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When They Speak of Rita
By Les Gutman
By the time Horton Foote moved his family to New Hampshire in 1966, Peyton Place had already disabused New Yorkers of the notion that small New England towns are more innocent than big cities. Behind the white clapboard and Yankee veneer, there's enough dirt in those hamlets to fill countless gossip columns.
Daisy Foote, Horton's playwright daughter who spent much of her childhood in the Granite State, explores the rumblings in the heart of Rita Potter (Hallie Foote - yes this is very much a family affair: she's Daisy's sister, their father directs) while unveiling the not-very-well-kept secrets of (fictitious) Tremont, New Hampshire. When They Speak of Rita renders a nicely drawn portrait of this rural but contemporary woman, woven into the complex fabric of that supposedly simple life.
Rita cleans houses for a living. She'd like to do more; she's even tried. But her mostly milquetoast husband, Asa (Ken Marks), the county road agent until the newly-arrived "California Man" ran against him for re-relection, doesn't expect anything more of her, and neither does her 19 year old mechanic son, Warren (Jamie Bennett). Just turning 40, Rita's been married half her life, and despairs it's too late to make something of herself. She encourages Warren and his girlfriend/then wife Jeannie (Margot White) to get an education, but they've got making money and babies on their minds.
There's not a lot of suspense in this play. What little bit Daisy has left in the script, her father's direction telegraphs to us ASAP: we notice when Warren chooses beer over coffee once his father walks away; we observe the propogatious nature of the passion between Warren and Jeannie in their first scene alone together; most of all, we can't help but see the telling bond that's forming between Rita and her son's friend Jimmy (Ebon Moss-Bachrach), who spends more time at the kitchen table with her than he does out in the garage with his pal. She's feeding his belly but he's feeding her soul. Foote writes with integrity of the forces pulling on these seemingly ordinary lives -- alcohol, sex, education, devotion, self-esteem, male domination, genetics and the influx of outsiders who've made these locals strangers in their own town, and the end product is a work of surprising depth.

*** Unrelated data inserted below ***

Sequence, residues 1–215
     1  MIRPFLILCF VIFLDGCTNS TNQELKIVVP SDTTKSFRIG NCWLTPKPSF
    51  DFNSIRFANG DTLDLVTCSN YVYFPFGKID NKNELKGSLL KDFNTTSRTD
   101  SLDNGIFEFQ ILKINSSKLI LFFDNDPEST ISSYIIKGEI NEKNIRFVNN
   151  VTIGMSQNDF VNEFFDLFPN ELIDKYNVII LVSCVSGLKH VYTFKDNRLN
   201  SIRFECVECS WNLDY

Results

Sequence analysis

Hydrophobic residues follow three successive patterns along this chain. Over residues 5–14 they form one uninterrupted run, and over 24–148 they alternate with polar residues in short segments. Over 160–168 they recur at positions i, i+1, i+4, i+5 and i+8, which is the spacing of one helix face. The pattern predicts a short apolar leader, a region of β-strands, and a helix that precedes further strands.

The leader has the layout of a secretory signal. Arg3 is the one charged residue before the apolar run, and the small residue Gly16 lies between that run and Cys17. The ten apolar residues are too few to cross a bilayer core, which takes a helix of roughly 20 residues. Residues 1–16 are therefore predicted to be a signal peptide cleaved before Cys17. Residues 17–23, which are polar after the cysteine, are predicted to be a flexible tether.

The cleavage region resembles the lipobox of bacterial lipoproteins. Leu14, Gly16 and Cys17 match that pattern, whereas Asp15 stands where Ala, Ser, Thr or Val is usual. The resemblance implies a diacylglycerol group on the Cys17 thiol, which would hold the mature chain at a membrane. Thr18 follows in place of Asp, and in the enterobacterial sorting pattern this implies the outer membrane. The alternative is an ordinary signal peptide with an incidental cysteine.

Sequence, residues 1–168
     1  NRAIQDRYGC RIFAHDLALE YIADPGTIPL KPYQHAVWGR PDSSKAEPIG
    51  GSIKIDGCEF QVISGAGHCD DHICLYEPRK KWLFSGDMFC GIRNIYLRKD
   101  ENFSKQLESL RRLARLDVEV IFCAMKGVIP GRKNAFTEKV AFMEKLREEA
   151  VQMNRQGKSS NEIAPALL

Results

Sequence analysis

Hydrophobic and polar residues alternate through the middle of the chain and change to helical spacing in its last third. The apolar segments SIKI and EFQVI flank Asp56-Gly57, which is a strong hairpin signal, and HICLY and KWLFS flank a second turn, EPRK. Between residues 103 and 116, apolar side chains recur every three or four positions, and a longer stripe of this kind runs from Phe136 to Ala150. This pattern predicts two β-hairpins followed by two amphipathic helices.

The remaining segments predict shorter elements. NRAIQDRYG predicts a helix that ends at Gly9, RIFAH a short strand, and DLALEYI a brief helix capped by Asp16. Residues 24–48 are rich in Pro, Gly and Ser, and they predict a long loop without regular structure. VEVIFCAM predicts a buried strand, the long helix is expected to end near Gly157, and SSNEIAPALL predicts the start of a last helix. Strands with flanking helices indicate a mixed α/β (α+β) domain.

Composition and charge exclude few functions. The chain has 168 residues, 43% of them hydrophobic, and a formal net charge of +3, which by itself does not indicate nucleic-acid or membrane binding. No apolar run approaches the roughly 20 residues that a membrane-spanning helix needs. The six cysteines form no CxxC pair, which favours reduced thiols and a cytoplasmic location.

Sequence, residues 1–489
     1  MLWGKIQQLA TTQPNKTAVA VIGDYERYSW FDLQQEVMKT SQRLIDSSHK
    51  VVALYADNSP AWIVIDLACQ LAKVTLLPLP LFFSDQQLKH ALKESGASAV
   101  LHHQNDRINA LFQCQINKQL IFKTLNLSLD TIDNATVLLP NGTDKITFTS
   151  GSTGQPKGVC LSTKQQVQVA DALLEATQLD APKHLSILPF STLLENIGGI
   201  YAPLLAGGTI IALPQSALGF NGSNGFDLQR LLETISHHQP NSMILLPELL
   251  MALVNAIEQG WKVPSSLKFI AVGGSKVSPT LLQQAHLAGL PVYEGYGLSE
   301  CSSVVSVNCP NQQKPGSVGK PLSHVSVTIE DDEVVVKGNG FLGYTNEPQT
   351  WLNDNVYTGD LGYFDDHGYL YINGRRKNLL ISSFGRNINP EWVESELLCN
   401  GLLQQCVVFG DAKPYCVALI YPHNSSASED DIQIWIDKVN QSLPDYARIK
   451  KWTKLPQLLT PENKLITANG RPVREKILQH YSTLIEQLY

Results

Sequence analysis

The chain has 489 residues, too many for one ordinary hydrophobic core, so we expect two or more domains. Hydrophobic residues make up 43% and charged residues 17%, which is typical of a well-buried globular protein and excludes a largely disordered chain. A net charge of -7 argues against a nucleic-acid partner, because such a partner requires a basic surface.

Mr. Foote draws satisfying performances from all of the actors, but none more than his daughter. A quiet storm looms behind her nagging wife and mother; she's stoic, dutiful, loving yet dismayed and guilty: proud but resigned, a practical dreamer. It's clear all of this contradiction is going to produce some sort of extreme reaction, but not the sort of violence that might occur in other families. This is a flawed but not pernicious marriage. Ken Marks discovers the source of Asa's reticence that is part Yankee reserve but mostly a consequence of just taking an awful lot for granted: a decent but imperfect man.
Warren and Jeannie share a more successfully functioning relationship, but there are nuanced signs of cracks in its foundation. Both Bennett and White plumb the layered characters Foote has created, and Moss-Bachrach's confused, youthful emotions as Jimmy are just right.
Primary Stages has a small stage that must seem like a nightmare to set designers, but Jeff Cowie rises to the challenge, inventively splitting his realistic set diagonally. Deborah Constantine's lights do a good job of setting time, as do Debra Stein's season-specific costumes.
What happens if a tree falls in the forest and there's nobody there? Ask Rita. There's still plenty of damage.